Some analysts predicted the election of Andres Manuel Lopez Obrador, who won the Mexican presidential election earlier this month in a landslide, would tank the Mexican stock market.
However, nothing could be farther from the truth.
Since the election on July 1, Mexico's stock market has boomed, and two Mexico equity ETFs have been burning up our performance charts.
As of July 19, the $3.8 million Franklin FTSE Mexico ETF (FLMX) and the $1.2 billion iShares MSCI Mexico ETF (EWW) have risen 16.2% and 13.8% over a 30-day basis—currently the highest one-month performance of any ETF:
Sources: ETF.com, FactSet. Data as of July 22, 2018.
Obrador Switches Tactics
Part of that outperformance is likely due to the more market-friendly tone that the president-elect has taken post-election.
On the campaign trail, Obrador was known for his belligerent, if somewhat vague, anti-business stances. But after the election, the president-elect toned down his rhetoric, expressing confidence in the ongoing NAFTA talks and his desire to maintain the independence of Banxico, the nation's central bank.
The day after the election, Mexico's stock market plunged, only to rebound several days later. That has kicked off a rally that has yet to abate. Since the election, the Mexican stock market is up 5%.
Slight Differences Between FLMX, EWW
FLMX's relative outperformance compared to EWW may be attributable to the fact that that FLMX does not include small caps, whereas EWW may select companies of any size. This matters because Mexico's stock market is extremely top-heavy, so smaller companies can add even more risk to a portfolio than usual.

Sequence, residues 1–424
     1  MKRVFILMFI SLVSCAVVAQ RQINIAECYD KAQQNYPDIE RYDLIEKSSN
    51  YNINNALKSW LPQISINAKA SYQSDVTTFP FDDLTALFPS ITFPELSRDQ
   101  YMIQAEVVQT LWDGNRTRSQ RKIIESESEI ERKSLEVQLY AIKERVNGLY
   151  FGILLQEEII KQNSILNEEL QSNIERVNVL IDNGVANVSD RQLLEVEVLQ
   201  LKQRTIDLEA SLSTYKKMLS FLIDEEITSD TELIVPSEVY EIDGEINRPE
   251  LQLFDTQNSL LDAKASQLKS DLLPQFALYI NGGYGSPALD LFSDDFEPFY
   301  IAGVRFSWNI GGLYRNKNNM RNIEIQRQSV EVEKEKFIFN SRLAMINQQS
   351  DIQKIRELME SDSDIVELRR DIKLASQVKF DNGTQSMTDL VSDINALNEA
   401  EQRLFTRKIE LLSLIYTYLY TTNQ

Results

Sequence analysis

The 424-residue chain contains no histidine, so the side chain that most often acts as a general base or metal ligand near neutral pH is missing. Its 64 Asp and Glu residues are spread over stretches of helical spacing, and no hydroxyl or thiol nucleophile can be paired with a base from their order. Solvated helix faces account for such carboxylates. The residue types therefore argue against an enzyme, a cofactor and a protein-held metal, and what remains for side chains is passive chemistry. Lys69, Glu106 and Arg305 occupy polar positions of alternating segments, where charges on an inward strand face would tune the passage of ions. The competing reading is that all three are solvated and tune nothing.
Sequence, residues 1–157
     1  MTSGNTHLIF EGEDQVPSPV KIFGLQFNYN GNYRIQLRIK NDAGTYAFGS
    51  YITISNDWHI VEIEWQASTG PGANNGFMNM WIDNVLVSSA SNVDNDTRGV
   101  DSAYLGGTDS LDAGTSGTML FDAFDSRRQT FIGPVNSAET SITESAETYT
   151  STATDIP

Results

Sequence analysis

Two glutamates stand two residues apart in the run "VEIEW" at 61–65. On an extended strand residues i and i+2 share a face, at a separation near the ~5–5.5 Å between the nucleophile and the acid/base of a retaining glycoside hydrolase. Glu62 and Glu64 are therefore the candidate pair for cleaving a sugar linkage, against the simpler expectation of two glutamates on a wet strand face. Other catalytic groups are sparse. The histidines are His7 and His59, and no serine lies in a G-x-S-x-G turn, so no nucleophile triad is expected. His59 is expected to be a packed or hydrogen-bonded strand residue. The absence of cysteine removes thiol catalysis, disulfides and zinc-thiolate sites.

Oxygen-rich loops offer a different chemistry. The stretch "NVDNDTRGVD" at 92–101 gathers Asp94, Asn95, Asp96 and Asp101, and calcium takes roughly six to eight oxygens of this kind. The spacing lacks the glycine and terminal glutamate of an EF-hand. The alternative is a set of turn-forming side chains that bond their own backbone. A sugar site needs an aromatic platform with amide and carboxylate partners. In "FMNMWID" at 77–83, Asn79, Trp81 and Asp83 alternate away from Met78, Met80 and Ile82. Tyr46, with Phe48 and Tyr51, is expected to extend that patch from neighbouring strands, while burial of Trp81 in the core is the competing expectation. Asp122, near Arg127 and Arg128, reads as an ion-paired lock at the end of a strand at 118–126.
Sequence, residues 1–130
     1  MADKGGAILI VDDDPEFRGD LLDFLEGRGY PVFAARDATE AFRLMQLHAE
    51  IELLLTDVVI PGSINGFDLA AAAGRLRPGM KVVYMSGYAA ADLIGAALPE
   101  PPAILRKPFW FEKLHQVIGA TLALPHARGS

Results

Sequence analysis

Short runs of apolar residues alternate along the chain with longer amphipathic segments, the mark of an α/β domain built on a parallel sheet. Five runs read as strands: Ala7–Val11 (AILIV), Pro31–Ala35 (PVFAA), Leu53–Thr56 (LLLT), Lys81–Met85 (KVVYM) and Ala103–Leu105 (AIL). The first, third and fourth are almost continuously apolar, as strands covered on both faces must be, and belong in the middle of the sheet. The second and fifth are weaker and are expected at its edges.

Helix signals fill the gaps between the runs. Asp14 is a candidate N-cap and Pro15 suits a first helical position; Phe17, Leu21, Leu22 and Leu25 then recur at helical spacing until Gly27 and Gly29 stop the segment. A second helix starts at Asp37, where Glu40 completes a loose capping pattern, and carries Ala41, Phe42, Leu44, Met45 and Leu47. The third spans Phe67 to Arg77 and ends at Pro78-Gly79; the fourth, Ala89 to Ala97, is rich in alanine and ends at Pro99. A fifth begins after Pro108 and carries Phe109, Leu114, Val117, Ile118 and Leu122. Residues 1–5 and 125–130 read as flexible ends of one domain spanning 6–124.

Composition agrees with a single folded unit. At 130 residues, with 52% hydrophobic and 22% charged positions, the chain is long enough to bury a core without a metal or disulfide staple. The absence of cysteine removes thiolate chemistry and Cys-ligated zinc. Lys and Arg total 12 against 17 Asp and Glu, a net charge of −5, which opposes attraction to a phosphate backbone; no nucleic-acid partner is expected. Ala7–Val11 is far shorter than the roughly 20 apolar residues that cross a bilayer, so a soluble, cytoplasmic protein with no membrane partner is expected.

Still, as market-cap-weighted ETFs tracking the Mexican stock market, EWW and FLMX are very similar. Though EWW has slightly more holdings, with 60 companies in its portfolio compared with FMLX's 41, 73% of the two funds' holdings overlap.
Neither EWW nor FLMX hold technology or energy companies. These sectors tend to be either privately run or owned by the government. The top three companies of both funds are the same: America Movil SAB (15% for EWW, 13% for FLMX); Fomento Economico Mexicano (10% vs. 11%, respectively); and Grupo Financiero Banorte (9% vs. 10%, respectively.)
Trading Costs Vs. Ownership Costs
When it comes to implementation, however, EWW and FLMX couldn't be more different.
EWW, which launched in 1996 in the first batch of single-country ETFs, is one of the oldest ETFs on the market. It boasts strong daily trading volumes of $204 million and tight 0.02% spreads. But with a 0.49% expense ratio, EWW isn't cheap to own long term.
FLMX, meanwhile, has cheaper buy-and-hold costs, with a price tag 0.30% lower than that of the iShares fund. But it's also newer—it launched in November 2017—and carries much higher trading costs: FLMX's spread averages around 0.18%. It also typically trades only $15,000 a day on average, so for sourcing enough shares for a larger block trade could be difficult.
These relative pros and cons are likely why EWW has brought in $69 million in new net investment dollars year-to-date, while FLMX has only brought in $1.2 million.
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